To read additional excerpts or to learn more about Urban Wilderness, go to my website.

Thursday, December 16, 2010

UWM to move forward with County Grounds Purchase

The roofs of the Eschweiler buildings are in serious disrepair.

The saga of the County Grounds continues. Milwaukee County agreed over a year and a half ago to sell 89 acres to the UWM real estate foundation for its Innovation Park and research campus for $13.5 million. I won't repeat the details of the intervening months of setbacks and postponements. Read about it in the article by Tom Daykin in the Milwaukee Journal Sentinel. But, according to the article, UWM is ready to move ahead with a down payment of $5 million.

The story in the paper mentions that the foundation expects to sell the historic Eschweiler buildings to a developer for residential use. This has been the plan since it was presented to the Wauwatosa Common Council for zoning approval last May and therefore isn't anything new. What the story doesn't say is that there is an alternative being promoted by the County Grounds Preservation Coalition, which is a diverse group of environmental and historic preservation organizations (see previous post.) This alternative, which would require either philanthropic donations or a more creative development proposal, is intended to facilitate the preservation of the historic buildings and minimize additional construction around them. The UWM real estate foundation is aware of this alternative and has expressed willingness to work with the Coalition to achieve its goals, which would be a win-win for UWM and the people of Milwaukee County - along with the Monarch butterflies and other wildlife that grace this unique piece of land.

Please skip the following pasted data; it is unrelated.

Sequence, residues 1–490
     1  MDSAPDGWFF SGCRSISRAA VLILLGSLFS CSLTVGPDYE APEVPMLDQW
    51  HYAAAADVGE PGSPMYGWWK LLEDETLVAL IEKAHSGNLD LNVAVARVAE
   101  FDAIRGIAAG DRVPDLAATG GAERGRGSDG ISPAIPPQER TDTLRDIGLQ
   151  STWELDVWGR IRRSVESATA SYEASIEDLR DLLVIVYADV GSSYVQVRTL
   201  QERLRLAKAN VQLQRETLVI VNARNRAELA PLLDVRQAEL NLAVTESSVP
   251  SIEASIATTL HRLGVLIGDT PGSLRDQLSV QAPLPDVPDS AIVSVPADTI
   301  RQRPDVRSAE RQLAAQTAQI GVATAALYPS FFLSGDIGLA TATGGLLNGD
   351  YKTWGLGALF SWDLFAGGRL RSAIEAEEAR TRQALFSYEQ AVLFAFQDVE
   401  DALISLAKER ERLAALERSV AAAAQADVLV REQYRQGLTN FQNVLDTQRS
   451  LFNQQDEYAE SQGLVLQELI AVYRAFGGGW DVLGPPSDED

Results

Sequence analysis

The Eschweiler buildings are in terrible shape and nothing has been done to prevent continued deterioration. Some have accused the county, which still owns the land and buildings, of "demolition by neglect." Whatever is done, measures must be taken quickly to ensure their preservation.

To see more pictures of the buildings, go to my flickr page.